Michael Alden

Author and CEO

Realizing Goals Is My Passion

I was born into poverty and I thank god every day for that. I would not have wanted it any other way. Growing up poor was actually a gift; a gift that is very difficult to see when you are growing up. How can living in constant fear of being homeless, having your electricity shut off, and eating from food pantry shelves be considered a gift? How can standing in the special free food lunch line or going to school early to get state sponsored breakfast for twelve years be a gift? How can growing up in a neighborhood that was surrounded by crime, violence, and drugs be a gift?

Growing up poor taught me the value of money and hard work. Growing up poor taught me how to save, share and be generous. Growing up poor caused me to yearn for more. The way I grew up may have been tough, but there are a lot worse situations than mine. I was never homeless, but often had the fear of being evicted. I never went hungry, but we had to improvise, adapt and find ways to eat. I never had a Christmas without gifts or a special treat, but many of our holidays were subsidized by a charitable organization or completely funded by Salvation Army. As a young child, I watched my mother struggle and cry trying to figure out how to get by. I used to listen to my mother negotiate and beg the Housing Authority not to evict us. I remember once when my mother’s old beat up Dodge Colt was repossessed and she had to negotiate more money than it was worth to get the car back. Growing up poor forced me to learn how to use what I had within me to make more out of life.

mike and book sitting.jpg

I turned a five cent can deposit into a multi-million dollar company.

Yeah sure, I’ll explain. I should start by saying I consider myself lucky because I was forced at a very young age to find honest ways to earn the things I wanted in life. Seems like a simple enough concept right? Work for what you want. Those five words were seared into my psyche from as earlier as I can remember because often what I “wanted” were things that I “needed.” Most kids don’t need to work in order to contribute to the basic necessities of their family’s lives. While other kids had paper routes to save up for the newest video game, I had one to help with family finances.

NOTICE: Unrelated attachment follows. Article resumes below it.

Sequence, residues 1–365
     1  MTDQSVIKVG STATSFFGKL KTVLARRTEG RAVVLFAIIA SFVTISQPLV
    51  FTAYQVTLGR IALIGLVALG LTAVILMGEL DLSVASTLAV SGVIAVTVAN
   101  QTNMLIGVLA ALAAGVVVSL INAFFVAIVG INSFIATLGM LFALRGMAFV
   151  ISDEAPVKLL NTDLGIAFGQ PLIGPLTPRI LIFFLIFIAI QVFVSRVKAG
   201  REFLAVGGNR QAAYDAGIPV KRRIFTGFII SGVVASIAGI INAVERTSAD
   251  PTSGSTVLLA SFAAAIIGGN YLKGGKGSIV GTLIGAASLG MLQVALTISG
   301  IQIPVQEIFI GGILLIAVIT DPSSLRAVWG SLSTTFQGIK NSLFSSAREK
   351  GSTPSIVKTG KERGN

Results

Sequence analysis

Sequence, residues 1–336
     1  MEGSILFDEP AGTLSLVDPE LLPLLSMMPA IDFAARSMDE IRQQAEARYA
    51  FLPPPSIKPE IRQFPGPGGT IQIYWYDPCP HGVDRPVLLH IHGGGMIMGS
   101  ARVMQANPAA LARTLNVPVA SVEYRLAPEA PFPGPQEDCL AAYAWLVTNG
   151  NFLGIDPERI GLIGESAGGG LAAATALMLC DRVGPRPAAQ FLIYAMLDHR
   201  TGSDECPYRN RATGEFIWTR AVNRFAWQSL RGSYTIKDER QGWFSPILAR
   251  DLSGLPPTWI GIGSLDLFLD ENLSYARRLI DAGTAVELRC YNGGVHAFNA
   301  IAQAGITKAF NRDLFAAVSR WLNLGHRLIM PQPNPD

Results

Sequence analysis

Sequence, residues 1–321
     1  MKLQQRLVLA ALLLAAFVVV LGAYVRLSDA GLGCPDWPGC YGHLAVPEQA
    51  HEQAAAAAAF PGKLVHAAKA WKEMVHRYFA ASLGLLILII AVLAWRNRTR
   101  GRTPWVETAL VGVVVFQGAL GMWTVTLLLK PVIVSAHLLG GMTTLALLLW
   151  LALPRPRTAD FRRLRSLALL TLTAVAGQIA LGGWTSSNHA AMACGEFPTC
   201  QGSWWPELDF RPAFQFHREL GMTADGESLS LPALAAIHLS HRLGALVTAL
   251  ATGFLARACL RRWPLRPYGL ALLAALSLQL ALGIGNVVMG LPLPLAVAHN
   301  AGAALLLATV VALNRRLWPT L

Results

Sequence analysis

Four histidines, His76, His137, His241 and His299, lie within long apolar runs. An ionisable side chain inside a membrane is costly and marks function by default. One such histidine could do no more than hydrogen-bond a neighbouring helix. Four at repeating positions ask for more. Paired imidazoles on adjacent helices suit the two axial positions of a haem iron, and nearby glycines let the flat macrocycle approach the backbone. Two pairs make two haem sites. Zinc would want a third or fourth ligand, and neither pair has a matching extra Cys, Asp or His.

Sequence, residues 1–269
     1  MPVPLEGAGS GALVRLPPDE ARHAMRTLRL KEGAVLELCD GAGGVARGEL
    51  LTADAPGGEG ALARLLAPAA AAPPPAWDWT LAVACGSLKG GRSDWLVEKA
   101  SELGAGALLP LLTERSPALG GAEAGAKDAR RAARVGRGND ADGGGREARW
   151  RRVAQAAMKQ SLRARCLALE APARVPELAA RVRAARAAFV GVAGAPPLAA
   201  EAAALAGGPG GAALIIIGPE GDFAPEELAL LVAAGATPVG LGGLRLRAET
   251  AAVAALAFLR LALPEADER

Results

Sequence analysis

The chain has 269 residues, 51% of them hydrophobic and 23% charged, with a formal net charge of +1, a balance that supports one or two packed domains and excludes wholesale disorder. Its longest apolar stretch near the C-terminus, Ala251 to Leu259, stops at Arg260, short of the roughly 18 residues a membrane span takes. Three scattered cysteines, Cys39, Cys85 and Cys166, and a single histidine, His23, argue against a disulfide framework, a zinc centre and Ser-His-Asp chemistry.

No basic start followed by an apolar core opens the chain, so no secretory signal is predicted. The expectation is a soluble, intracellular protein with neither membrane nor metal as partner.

At the age of 10, I finally decided I wanted something for myself. What I wanted was a bike. However, I didn’t want that bike from a materialistic perspective. I wanted that bike because with it, I knew I could use it to make more money. With that bike, I could expand my paper route and take on more customers. However, my paper route income was not going to cover such an investment. I needed to subsidize that somehow and I needed to do it quick before fall turned into winter.

The answer came to me the day my uncle Buddy, who worked as a janitor at a car dealership in Danvers, Massachusetts brought me a giant bag full of aluminum soda cans worth five cents each. It was a virtual goldmine to a 10 year old kid from the housing projects! All I had to do was bring them to the redemption center and put the money in my pocket. Thus began my scouring of the city for every redeemable container that I could find. I picked bottles out of barrels. I dredged back allies for cans. I climbed into dumpsters. I did this all on a daily basis until I had saved up enough for that bike.

On one of my very first hunting days, I was faced with a scenario that I believe set me on the course that I followed to this day. It was the day I decided to stop caring about what others think and took my first steps to real personal growth. I remember the moment like it was yesterday.